Wolfgang Becksteiner

1972 (Graz), lives and works in Graz.

Günter Brus about Wolfgang Becksteiner:

Wolfgang Becksteiner destroys the facade of things, he robs the objects of their glued-on souls. He questions the character of the human eye and emphasizes stumbling blocks in our path. He reduces his system to a chess game with four squares and two pieces. Before he mixes his concrete, reflection takes place in his skull. He does not shy away from aesthetic taboos in the selection of commonplace things and makes bombs out of concrete. In the end, however, these bombs, reduced in size, fit into pretty boxes of candy. They only explode in the minds of highly moral thinkers. Becksteiner is an extremely hard-working craftsman, far away from mixing machines. His patient hands wander through piece by piece before they reach strictly pre-set quantities. Undeterred he goes his way, away from the obligatory art business. His creative stubbornness always gives rise to combinations of exact planning and precise execution.

He is a concrete machinist who consistently and persistently creates a predetermined number of objects; a reality deceiver who miraculously transforms a wooden table into concrete. Becksteiner overrides the psychological irritability of things. His art consists of a reduction to the essential, to a mythology-free form, to a materialism of shapes. Where his technique meets its limits, he relies on the experience of archaeology.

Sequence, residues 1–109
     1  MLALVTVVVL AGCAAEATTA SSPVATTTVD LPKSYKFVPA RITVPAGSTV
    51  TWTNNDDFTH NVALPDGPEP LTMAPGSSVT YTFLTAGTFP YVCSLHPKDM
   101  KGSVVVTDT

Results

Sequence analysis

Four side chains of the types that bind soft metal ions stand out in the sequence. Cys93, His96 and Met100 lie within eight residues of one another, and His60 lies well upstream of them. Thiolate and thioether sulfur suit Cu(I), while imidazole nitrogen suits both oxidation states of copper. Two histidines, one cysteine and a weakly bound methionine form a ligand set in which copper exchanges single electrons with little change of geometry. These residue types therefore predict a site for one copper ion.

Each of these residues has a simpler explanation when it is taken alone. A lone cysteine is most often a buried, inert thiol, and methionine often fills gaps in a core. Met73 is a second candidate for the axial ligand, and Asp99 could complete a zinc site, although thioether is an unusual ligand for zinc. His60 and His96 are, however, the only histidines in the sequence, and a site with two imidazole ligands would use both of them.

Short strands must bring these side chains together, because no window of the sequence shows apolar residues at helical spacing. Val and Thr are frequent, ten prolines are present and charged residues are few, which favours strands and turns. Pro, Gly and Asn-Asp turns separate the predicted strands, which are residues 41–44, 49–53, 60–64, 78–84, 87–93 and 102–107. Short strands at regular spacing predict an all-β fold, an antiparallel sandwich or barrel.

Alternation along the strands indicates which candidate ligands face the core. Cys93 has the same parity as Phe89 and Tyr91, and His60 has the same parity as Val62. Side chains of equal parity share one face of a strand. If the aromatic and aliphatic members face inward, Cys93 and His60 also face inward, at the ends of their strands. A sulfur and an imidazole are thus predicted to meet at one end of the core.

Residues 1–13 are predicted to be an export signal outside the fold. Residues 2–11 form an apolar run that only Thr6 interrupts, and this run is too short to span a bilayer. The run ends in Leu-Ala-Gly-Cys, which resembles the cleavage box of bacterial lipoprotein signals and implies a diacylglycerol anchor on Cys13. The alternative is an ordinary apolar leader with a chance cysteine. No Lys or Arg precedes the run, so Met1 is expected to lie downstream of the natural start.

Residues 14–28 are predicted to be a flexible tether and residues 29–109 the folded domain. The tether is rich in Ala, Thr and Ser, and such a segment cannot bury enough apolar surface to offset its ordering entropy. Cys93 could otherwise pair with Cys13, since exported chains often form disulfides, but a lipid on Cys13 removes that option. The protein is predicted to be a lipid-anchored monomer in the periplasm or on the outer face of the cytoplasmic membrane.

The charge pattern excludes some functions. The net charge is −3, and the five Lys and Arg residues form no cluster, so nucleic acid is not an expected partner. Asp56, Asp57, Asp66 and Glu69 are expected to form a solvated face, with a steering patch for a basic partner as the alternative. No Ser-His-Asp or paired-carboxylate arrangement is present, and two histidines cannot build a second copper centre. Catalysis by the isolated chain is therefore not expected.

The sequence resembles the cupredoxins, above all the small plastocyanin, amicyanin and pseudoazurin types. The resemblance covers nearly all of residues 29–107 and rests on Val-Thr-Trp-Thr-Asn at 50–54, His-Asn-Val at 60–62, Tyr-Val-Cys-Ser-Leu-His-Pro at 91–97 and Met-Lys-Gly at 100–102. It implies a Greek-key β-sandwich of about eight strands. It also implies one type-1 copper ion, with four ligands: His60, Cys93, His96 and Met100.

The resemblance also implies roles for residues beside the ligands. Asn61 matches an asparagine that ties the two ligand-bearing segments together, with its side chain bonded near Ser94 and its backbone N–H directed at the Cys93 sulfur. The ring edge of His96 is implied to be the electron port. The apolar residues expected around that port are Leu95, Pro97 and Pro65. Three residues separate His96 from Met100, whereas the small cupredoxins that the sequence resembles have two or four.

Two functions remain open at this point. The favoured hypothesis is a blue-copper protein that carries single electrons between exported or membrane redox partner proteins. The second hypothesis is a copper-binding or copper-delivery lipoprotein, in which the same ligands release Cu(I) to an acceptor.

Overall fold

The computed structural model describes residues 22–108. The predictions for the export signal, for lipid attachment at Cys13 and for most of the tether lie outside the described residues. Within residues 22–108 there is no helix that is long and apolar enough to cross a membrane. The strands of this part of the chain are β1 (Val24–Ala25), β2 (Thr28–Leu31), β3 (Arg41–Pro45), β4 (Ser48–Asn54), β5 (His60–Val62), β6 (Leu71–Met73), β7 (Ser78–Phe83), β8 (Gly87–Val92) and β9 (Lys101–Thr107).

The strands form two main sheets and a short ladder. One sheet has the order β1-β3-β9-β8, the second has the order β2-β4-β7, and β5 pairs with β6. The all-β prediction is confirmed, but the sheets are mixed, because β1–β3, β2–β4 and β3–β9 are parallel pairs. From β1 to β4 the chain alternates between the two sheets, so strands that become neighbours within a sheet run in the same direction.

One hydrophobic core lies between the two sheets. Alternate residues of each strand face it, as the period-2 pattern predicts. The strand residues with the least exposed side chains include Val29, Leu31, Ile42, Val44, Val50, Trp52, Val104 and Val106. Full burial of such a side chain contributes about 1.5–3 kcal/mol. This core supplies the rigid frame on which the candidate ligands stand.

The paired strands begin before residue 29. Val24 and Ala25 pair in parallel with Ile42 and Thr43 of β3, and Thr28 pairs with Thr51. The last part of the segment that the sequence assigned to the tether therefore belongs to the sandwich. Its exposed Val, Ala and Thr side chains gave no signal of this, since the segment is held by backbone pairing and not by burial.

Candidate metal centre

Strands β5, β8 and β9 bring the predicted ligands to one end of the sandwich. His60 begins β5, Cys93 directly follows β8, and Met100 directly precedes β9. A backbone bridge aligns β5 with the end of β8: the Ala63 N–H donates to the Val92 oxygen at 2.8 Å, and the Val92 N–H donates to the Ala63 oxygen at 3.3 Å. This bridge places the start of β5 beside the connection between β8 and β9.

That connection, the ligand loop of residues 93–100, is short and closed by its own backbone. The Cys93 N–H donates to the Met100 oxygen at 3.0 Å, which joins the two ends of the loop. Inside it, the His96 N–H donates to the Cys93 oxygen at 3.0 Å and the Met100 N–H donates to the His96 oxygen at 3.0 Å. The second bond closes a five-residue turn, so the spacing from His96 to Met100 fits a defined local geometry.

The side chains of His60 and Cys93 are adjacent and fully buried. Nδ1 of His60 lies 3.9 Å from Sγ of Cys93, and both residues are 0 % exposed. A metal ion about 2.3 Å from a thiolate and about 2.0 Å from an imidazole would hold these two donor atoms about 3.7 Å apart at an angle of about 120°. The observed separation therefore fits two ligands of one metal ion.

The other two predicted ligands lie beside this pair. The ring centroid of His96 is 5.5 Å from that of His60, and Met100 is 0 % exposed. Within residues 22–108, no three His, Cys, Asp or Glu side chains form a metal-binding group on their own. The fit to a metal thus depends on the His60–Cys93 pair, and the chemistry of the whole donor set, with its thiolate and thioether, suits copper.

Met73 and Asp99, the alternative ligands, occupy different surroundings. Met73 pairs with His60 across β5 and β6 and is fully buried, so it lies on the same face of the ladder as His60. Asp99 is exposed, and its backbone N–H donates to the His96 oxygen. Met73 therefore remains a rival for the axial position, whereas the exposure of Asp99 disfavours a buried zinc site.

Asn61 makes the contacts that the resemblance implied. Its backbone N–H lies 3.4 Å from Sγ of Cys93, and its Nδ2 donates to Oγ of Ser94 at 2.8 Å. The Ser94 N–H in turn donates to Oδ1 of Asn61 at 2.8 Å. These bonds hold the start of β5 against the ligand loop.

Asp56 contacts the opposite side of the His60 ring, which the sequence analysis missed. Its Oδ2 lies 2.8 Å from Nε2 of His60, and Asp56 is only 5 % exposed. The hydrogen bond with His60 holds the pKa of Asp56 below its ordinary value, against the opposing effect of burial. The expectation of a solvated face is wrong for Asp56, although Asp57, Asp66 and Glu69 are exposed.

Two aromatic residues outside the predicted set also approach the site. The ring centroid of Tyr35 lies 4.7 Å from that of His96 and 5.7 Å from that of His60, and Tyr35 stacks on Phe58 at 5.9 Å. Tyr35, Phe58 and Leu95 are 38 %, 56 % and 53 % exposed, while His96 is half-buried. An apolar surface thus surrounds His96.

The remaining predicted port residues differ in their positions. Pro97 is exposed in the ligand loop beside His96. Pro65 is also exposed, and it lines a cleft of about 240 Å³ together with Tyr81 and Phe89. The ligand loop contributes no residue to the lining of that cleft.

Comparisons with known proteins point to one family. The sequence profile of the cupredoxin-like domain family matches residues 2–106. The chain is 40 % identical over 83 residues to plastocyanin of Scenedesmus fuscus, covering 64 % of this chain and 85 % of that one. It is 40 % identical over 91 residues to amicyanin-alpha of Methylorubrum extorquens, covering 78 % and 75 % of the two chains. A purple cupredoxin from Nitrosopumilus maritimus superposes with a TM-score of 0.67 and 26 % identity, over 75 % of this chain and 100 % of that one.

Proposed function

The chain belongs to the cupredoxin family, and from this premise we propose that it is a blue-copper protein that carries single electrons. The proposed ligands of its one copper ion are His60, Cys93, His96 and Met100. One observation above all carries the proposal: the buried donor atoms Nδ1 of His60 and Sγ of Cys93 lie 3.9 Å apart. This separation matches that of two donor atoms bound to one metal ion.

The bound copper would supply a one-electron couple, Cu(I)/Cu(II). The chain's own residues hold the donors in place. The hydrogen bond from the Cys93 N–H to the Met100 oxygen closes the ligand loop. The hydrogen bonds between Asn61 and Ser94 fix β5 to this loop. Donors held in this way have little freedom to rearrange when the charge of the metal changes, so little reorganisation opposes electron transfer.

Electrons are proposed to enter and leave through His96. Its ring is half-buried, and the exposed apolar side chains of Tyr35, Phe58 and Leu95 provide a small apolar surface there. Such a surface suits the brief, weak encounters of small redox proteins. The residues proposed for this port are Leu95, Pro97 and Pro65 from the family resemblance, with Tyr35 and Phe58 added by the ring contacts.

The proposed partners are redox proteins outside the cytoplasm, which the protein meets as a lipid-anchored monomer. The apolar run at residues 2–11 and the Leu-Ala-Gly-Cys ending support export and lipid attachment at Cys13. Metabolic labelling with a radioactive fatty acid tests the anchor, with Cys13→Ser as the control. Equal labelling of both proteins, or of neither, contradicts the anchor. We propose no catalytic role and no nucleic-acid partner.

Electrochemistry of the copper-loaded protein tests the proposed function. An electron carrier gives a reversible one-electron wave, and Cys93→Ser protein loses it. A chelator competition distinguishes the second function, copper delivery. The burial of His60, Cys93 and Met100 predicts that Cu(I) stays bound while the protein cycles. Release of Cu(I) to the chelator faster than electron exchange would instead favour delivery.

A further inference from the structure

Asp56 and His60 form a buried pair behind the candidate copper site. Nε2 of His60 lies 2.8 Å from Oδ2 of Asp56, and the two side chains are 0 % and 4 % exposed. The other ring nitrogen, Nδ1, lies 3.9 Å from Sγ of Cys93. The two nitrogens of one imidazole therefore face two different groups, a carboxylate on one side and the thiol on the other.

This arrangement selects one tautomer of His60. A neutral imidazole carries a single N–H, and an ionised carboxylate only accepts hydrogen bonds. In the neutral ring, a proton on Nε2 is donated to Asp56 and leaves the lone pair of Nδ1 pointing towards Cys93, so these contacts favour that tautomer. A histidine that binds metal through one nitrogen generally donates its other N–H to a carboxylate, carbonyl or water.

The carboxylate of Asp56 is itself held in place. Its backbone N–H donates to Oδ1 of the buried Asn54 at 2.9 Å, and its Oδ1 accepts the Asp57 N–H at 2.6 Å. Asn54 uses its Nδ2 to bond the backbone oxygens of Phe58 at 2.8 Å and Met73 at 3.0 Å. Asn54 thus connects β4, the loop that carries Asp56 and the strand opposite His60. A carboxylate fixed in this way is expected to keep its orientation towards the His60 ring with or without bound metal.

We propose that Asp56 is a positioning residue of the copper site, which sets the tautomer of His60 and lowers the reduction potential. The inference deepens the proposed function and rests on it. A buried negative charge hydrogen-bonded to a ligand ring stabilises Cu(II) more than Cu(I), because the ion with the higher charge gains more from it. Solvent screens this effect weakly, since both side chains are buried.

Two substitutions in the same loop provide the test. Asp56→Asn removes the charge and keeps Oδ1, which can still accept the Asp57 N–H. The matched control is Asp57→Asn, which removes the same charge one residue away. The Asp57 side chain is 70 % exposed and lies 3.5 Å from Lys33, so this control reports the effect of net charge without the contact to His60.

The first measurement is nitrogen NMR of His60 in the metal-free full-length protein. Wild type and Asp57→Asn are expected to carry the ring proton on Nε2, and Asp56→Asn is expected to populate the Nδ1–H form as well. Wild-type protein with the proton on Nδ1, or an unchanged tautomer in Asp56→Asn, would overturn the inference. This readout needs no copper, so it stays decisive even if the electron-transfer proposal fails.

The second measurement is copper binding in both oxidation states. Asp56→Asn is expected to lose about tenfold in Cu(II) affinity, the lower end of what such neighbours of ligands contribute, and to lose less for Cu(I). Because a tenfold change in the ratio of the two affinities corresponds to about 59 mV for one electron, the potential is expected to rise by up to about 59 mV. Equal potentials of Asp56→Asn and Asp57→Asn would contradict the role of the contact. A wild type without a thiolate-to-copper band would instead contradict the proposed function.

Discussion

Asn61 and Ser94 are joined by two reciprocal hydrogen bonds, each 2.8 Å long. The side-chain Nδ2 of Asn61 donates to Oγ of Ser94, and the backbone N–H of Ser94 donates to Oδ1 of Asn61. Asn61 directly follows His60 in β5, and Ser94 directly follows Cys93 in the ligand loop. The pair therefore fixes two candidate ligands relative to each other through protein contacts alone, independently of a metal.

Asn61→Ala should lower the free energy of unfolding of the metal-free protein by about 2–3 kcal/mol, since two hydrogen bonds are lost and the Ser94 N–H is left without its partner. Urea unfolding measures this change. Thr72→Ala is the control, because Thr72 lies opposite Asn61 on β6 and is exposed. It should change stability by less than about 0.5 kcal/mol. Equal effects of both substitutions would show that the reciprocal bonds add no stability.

He digs up hardened forms, recently buried. He replaces the language of the signature with a fingerprint and thus becomes the inventor of forgery-proof art. If he could, he would build the sound barrier of concrete, as well as taupe beads or spider webs. But the material knows its limits, but not the imagination. Seemingly pointless, he seems to expand the range of goods stored on the shelves. But perhaps this is a cynical criticism of the senseless oversupply. Becksteiner's material art is never enigmatic, but always predictable. Of course, Becksteiner's works of art are only conditionally household objects such as sculptures or paintings. But they await commissioned works from the industrial sector, where Becksteiner's architectural skill could produce a brilliant effect. It is not necessary to emphasise that Becksteiner cast gold bar moulds in concrete in order to degrade the valuable cultural asset to triviality.

Handicraft and understanding are the basis for Becksteiner's work.